Apple’s iTunes has unlocked a blue ocean in digital music, with the added advantage of increasing the attractiveness of its highly successful iPod player.
Apple observed the flood of illegal music file sharing that began in the late 1990s, enabled by file sharing programs such as Napster, Kazaa, and LimeWire. By 2003 more than two billion illegal music files were being traded every month. While the recording industry fought to stop the cannibalization of physical CDs, illegal digital music downloading continued to grow.
With the technology out there for anyone to digitally download music free, the trend toward digital music was clear. This trend was underscored by the fast growing demand for MP3 players that played mobile digital music, such as Apple’s hit iPod. Apple capitalized on this decisive trend with a clear trajectory by launching the iTunes online music store in 2003.
In agreement with five major music companies—BMG, EMI Group, Sony, Universal Music Group, and Warner Brothers Records—iTunes offered legal, easy-to-use, and flexible à la carte song downloads and allowed buyers to freely browse two hundred thousand songs, listen to thirty-second samples, and download an individual song for 99 cents or an entire album for $9.99. By allowing people to buy individual songs and strategically pricing them far more reasonably, iTunes broke a key customer annoyance factor: the need to purchase an entire CD when they wanted only one or two songs on it.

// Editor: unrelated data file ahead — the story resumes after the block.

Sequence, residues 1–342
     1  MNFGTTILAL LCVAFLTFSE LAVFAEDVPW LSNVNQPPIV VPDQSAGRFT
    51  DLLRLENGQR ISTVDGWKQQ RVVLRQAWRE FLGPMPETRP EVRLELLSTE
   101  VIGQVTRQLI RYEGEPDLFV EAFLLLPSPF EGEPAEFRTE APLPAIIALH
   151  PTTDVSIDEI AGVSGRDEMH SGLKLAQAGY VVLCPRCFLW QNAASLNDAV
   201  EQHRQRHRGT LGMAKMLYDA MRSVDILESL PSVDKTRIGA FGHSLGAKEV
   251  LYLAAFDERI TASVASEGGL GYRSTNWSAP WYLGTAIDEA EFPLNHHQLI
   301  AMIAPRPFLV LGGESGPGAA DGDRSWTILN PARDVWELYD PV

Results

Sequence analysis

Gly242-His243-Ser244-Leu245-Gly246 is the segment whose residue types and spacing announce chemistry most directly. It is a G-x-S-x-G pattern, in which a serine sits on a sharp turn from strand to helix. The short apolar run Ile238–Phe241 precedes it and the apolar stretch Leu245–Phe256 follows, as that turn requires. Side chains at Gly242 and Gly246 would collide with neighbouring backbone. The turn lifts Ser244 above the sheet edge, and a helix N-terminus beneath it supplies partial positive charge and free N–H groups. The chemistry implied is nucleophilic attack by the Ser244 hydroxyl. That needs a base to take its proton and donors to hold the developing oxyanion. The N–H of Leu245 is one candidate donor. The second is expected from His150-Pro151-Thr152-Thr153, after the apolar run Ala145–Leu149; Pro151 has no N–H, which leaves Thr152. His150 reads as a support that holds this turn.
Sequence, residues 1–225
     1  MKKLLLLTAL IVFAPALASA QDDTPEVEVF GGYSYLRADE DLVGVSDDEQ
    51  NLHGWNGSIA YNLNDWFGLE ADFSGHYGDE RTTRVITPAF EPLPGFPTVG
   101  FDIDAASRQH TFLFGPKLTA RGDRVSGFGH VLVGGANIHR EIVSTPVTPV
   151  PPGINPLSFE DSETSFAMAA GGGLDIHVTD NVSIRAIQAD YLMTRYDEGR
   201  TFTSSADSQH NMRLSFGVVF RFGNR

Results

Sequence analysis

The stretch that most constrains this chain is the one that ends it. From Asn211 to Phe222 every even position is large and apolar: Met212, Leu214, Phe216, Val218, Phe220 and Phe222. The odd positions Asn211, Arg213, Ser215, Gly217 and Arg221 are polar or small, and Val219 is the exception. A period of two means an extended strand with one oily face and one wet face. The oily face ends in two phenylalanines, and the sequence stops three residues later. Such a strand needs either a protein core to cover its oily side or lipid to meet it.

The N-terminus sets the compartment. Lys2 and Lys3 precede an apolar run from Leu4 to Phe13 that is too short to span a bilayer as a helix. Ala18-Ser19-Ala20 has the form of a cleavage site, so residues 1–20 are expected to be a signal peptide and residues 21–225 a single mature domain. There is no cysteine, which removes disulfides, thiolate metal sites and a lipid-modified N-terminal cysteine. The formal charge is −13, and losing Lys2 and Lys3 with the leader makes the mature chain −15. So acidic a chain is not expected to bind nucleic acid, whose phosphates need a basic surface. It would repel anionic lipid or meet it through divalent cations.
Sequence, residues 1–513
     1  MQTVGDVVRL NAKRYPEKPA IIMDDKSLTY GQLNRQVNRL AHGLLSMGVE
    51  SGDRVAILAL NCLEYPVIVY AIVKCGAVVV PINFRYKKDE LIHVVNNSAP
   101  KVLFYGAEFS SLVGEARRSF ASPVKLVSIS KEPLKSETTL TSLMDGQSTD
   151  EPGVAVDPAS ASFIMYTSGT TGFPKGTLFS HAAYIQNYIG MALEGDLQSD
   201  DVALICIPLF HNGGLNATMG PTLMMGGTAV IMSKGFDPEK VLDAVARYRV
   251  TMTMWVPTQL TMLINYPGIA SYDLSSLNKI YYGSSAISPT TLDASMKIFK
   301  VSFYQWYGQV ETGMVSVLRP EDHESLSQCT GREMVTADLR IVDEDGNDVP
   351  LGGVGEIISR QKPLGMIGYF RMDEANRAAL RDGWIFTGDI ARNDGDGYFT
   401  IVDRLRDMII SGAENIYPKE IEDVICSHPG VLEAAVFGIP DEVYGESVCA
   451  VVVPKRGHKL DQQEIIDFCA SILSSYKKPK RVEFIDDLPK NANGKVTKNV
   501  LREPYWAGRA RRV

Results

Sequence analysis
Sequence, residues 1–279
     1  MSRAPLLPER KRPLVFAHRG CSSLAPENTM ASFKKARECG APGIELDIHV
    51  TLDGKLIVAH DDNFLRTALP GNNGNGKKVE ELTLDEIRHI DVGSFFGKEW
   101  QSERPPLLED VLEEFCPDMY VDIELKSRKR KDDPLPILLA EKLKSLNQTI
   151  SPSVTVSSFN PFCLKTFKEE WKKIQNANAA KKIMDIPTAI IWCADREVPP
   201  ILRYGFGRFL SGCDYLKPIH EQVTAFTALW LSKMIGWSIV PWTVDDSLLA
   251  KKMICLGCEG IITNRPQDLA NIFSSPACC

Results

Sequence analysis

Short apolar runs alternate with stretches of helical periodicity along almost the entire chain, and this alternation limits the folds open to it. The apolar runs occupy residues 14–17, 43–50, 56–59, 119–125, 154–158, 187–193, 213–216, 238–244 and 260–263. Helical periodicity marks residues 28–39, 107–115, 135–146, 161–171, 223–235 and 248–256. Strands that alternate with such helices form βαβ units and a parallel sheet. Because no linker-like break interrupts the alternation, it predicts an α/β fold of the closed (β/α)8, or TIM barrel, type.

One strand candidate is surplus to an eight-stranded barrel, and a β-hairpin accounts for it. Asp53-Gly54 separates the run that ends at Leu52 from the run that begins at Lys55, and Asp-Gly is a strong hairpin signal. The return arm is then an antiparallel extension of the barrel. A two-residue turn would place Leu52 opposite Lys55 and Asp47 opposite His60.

Customers have been flocking to iTunes, and recording companies and artists are also winning. Under iTunes they receive 65 percent of the purchase price of digitally downloaded songs, at last financially benefiting from the digital downloading craze. In addition, Apple further protected recording companies by devising copyright protection that would not inconvenience users—who had grown accustomed to the freedom of digital music in the post- Napster world—but would satisfy the music industry.
Today the iTunes Music Store offers more than 8 million songs. iTunes is the largest music retailer in the US with sales exceeding 5 billion songs.
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